There was also enough consensus among the commission members to recommend bans on high-capacity magazines and the possession, sale or transfer or guns - both military-style firearms and handguns - that are capable of firing more than 10 rounds of ammunition without reloading.
Malloy, a Democrat, has already expressed concerns about the recommendation concerning the gun ban, which goes further than many of the proposals being considered by legislators as they try to craft a response to the Dec. 14 massacre at Sandy Hook Elementary School that left 20 first graders and six educators dead. Malloy stressed on Friday that he does not support the confiscation of weapons.
Other recommendations of Malloy's Sandy Hook Advisory Commission include limiting the amount of ammunition that can be purchased at one time, requiring trigger locks be provide at the time of sale or transfer and requiring firearms in a home be stored in a locked container.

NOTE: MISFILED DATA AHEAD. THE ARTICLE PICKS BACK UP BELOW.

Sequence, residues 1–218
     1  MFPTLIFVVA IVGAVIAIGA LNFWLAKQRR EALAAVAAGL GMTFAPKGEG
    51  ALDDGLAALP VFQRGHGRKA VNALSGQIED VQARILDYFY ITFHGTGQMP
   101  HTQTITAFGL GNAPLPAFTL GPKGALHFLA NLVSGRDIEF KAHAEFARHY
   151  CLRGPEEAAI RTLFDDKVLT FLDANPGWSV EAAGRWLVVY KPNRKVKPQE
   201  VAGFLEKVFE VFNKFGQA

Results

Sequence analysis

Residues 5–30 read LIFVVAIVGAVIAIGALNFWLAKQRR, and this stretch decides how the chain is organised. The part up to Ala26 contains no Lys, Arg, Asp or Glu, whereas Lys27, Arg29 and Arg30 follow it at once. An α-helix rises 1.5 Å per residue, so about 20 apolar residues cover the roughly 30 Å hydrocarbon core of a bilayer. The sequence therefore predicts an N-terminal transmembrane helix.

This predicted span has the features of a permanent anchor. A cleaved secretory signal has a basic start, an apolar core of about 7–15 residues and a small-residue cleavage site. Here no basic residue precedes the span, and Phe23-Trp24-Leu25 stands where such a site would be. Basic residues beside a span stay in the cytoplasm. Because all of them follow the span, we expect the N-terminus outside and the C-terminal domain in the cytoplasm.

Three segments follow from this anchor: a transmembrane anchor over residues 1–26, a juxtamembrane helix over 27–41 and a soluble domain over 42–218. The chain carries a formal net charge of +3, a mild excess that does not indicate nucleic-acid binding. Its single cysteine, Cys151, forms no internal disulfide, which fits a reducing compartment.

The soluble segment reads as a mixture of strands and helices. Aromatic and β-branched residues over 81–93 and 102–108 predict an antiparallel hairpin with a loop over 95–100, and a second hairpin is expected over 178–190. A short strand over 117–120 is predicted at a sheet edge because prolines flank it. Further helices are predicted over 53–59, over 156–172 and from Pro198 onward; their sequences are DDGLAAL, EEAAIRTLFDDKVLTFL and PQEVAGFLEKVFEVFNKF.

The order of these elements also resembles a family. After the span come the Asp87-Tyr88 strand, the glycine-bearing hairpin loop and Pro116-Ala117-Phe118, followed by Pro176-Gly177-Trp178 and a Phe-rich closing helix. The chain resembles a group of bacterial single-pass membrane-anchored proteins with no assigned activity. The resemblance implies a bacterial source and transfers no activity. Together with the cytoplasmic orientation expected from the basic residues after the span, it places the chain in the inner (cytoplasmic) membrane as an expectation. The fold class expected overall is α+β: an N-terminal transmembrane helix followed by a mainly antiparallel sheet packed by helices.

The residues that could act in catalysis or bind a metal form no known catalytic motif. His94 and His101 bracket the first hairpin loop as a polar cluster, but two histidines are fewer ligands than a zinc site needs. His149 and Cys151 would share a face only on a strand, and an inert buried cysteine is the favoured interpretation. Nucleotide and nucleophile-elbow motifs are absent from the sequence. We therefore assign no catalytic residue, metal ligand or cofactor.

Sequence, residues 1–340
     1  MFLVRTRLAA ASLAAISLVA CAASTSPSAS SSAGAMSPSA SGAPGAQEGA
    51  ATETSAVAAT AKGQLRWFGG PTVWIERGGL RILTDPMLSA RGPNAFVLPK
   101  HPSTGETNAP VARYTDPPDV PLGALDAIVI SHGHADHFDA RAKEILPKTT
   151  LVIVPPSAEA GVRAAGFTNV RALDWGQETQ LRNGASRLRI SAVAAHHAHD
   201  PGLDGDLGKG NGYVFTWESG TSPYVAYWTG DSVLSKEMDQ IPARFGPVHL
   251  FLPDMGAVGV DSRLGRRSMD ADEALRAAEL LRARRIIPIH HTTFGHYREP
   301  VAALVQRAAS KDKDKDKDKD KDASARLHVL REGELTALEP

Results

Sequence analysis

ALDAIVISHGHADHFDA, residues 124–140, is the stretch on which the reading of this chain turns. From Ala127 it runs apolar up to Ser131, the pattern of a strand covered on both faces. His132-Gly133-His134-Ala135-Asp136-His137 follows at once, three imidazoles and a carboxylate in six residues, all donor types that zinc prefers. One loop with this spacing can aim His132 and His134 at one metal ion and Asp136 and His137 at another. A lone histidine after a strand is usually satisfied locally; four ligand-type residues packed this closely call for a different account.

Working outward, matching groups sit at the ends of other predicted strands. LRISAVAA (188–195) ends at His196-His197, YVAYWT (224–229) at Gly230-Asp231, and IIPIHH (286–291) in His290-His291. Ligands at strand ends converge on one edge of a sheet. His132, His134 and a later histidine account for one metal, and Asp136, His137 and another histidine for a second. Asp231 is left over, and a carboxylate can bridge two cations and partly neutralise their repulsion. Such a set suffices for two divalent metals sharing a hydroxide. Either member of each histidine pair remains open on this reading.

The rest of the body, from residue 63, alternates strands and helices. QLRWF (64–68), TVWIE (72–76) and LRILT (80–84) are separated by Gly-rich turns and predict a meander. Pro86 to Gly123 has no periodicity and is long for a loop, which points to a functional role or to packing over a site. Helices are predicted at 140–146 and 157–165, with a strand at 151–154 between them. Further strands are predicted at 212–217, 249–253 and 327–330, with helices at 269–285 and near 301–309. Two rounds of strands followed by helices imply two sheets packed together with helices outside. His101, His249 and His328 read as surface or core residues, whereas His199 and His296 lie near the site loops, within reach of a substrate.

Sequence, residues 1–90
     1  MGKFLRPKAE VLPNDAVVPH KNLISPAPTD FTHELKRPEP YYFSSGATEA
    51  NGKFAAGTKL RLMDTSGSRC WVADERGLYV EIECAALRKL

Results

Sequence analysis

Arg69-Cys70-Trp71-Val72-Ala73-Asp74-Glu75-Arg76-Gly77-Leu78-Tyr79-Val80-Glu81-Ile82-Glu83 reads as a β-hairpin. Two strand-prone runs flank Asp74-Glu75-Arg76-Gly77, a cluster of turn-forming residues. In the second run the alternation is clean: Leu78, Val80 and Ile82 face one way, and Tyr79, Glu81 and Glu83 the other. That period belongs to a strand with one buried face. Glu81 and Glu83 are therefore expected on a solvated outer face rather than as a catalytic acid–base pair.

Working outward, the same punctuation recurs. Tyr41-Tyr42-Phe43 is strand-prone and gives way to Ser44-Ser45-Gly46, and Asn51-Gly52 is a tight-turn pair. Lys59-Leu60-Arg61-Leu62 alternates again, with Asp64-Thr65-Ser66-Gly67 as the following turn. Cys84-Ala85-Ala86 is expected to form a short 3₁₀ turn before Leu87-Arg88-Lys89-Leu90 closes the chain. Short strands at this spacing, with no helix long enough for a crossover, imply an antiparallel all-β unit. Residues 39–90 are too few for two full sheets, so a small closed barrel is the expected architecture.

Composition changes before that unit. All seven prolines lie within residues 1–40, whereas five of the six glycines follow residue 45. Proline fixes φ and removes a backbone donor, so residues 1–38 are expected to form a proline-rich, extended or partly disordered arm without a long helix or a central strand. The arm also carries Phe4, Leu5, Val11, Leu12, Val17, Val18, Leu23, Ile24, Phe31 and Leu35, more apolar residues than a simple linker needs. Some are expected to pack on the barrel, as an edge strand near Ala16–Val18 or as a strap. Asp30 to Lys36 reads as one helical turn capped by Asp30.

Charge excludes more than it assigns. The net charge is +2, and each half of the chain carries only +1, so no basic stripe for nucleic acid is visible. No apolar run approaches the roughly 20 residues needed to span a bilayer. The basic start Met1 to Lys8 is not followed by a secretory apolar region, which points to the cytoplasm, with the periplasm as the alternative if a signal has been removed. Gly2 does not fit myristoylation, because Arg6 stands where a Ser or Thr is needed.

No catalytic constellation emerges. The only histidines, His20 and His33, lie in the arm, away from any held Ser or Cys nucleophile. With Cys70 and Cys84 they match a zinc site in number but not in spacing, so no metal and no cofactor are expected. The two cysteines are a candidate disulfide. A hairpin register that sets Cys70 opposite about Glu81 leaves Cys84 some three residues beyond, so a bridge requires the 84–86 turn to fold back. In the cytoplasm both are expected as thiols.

Hamden Mayor and commission chairman Scott Jackson said in a letter to Malloy that he realizes the governor may agree with some of the interim recommendations and disagree with others. But Jackson said the panel believes the report includes some "common-sense principles upon which short-term change is possible and action should be taken."
Legislative leaders have been meeting behind closed doors, attempting to write a bipartisan bill for consideration by the full General Assembly. A vote may be held this week or next. Besides recommendations from their own legislative task force, the panel has suggestions on gun control measures proposed earlier by Malloy, and this latest interim report from Malloy's commission.
Jackson said the commission plans to spend the coming months focusing on mental health services. Members are expected to present a comprehensive final report within the year.
That report, he said, will respond to Malloy's proposals for gun law changes as well as the findings in the State's Attorney investigation into Newtown.